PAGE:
Challenges in the Indian context
Over 90% of India’s EV sector is dominated by light-duty EVs, such as electric two-wheelers, which require small LIB packs. Several parts of India experience a tropical climate and it is well known that extreme temperatures not only reduce battery life and performance but can also lead to serious safety issues. The thermal management of small LIB packs is relatively more difficult than that of large battery packs – battery packs for electric cars and electric buses use a liquid cooling mechanism which provides better thermal management.
In addition, it is difficult to estimate the remaining useful life (RUL) of EV batteries, especially for small battery packs, which determines the technical-economic feasibility of used EV batteries in reuse applications. More emphasis needs to be placed on implementing regulations and standards for electric vehicle batteries at different life stages. This will help address safety and performance issues of EV batteries in Indian operating conditions
Leading the way towards a sustainable EV battery ecosystem
Having robust frameworks in place to estimate the RUL and resale value of used EV batteries can aid in the development of sustainable business models. Equally important is identifying gaps in actual implementation, with a focus on data security, data sharing, and security standards – at every stage of battery life. Battery recycling is still in its infancy in India, with the informal sector often resorting to unsafe practices to extract usable metal. While the Indian recycling industry needs capacity building to manage e-waste LIBs (laptop batteries, mobile phone batteries, etc.), stakeholders also need to be trained to manage batteries of high power EVs.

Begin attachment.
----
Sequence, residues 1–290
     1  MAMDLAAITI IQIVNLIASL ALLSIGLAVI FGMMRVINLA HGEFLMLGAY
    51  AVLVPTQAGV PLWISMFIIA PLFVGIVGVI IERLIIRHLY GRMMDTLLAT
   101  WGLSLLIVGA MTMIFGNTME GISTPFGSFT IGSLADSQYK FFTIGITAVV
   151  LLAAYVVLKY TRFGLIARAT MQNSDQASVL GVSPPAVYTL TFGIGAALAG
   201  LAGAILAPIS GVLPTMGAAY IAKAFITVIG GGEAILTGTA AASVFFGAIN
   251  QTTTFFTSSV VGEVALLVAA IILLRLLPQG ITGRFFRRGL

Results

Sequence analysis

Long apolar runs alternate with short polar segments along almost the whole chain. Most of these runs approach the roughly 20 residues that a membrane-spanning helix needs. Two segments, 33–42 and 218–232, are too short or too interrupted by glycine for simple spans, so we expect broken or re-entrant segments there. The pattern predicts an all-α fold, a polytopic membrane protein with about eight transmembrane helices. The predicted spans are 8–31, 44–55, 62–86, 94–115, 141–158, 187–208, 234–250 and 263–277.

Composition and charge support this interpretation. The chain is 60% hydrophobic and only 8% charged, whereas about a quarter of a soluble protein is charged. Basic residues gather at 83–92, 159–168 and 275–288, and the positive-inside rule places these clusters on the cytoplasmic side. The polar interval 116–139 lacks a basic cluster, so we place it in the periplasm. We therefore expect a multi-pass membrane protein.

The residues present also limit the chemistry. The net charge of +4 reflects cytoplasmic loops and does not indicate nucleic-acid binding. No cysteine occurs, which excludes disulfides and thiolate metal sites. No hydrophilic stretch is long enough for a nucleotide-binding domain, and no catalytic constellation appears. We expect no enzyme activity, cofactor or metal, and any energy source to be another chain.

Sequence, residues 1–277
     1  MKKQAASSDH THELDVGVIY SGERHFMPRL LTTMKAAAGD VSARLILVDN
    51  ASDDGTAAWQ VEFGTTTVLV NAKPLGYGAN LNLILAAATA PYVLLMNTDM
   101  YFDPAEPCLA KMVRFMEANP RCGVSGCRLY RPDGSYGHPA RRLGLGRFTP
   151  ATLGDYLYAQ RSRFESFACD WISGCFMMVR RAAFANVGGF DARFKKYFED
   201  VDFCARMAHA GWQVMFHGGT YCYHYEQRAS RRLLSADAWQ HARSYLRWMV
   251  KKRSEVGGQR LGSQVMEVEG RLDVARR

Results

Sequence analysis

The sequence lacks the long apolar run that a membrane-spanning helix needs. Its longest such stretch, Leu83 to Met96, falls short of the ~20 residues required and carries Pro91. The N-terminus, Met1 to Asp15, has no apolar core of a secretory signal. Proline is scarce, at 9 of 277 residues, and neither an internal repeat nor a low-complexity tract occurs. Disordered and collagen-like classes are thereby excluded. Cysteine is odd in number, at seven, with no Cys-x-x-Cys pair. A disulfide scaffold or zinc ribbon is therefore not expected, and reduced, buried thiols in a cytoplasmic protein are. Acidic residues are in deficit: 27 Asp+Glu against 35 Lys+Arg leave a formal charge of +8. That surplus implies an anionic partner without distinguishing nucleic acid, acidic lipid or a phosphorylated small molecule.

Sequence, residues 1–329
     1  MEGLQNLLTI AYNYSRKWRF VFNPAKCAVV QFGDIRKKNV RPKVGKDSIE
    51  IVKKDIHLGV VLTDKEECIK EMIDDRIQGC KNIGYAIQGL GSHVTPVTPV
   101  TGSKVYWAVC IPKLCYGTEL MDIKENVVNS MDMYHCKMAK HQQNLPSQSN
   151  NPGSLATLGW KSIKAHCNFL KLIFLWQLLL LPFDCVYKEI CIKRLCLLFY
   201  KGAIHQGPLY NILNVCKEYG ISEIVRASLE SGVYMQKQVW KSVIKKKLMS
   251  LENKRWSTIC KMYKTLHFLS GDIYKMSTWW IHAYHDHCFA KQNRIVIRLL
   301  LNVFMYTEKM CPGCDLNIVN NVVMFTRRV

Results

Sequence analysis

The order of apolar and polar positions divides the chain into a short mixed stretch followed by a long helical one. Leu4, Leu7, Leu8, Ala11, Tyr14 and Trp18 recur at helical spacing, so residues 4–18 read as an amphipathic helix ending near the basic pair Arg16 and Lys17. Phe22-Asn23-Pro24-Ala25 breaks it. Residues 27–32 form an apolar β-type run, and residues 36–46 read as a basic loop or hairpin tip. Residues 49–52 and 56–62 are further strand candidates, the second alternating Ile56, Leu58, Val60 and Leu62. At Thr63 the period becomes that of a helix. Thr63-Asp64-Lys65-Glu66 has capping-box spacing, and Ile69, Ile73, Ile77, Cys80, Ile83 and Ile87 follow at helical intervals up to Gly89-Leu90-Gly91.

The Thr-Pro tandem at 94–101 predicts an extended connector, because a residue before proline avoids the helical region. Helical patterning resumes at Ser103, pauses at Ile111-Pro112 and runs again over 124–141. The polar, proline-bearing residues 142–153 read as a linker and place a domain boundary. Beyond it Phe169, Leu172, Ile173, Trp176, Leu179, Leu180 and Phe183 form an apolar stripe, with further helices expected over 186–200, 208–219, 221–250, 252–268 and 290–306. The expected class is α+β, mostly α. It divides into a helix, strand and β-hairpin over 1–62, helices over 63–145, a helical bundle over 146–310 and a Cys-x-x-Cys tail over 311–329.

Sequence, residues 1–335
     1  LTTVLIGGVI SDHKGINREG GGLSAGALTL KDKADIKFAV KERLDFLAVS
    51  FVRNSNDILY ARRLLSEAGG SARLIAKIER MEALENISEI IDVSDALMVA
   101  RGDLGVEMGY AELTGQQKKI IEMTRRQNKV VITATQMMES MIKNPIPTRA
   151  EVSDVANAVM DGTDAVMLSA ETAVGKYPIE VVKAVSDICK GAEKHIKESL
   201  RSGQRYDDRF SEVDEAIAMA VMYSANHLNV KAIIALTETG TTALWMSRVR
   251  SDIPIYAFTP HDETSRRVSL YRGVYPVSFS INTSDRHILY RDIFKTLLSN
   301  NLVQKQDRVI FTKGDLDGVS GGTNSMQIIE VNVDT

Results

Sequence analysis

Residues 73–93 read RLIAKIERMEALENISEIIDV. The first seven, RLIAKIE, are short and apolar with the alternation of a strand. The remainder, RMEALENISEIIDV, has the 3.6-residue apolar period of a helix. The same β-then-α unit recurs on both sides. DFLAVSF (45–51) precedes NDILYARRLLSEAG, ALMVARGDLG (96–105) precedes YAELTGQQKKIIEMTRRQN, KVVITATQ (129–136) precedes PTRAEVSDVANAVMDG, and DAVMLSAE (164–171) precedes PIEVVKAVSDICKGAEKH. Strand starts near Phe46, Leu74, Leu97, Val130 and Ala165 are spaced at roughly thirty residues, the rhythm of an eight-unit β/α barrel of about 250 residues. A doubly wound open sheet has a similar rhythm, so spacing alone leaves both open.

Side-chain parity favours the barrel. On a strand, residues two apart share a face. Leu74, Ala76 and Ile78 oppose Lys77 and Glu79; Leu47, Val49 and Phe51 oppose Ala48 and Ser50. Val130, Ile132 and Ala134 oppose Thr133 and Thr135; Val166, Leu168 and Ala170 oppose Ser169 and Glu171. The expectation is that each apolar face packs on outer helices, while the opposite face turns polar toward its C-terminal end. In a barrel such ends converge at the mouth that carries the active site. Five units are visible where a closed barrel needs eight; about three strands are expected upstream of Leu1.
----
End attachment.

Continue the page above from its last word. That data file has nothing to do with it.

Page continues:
India also needs to develop a robust R&D ecosystem to address the technical challenges of existing commercial EV batteries. This can be done by strengthening university-industry collaboration which could also explore alternative battery technology options. At the same time, industry players should consider developing innovative business models for better sharing of technical and financial risks among key stakeholders.
Globally, there is a lack of proven business models related to the reuse and recycling of used electric vehicle batteries. India needs to focus on developing a sustainable EV battery ecosystem. This includes a renewed focus on home battery manufacturing, embracing circular economy principles through end-of-life reuse and recycling, and exploring the diversification of battery technologies. This approach will not only benefit the transport and energy sectors, but it will also benefit the environment and help India meet its ambitious climate commitments at COP26.
[This article was authored exclusively for ETEnergyworld by Dr. Parveen Kumar, Senior Program Manager, Electric Mobility and Rama Thoopal, Communications Lead, Sustainable Cities and Transport Program at World Resources Institute India (WRI India).]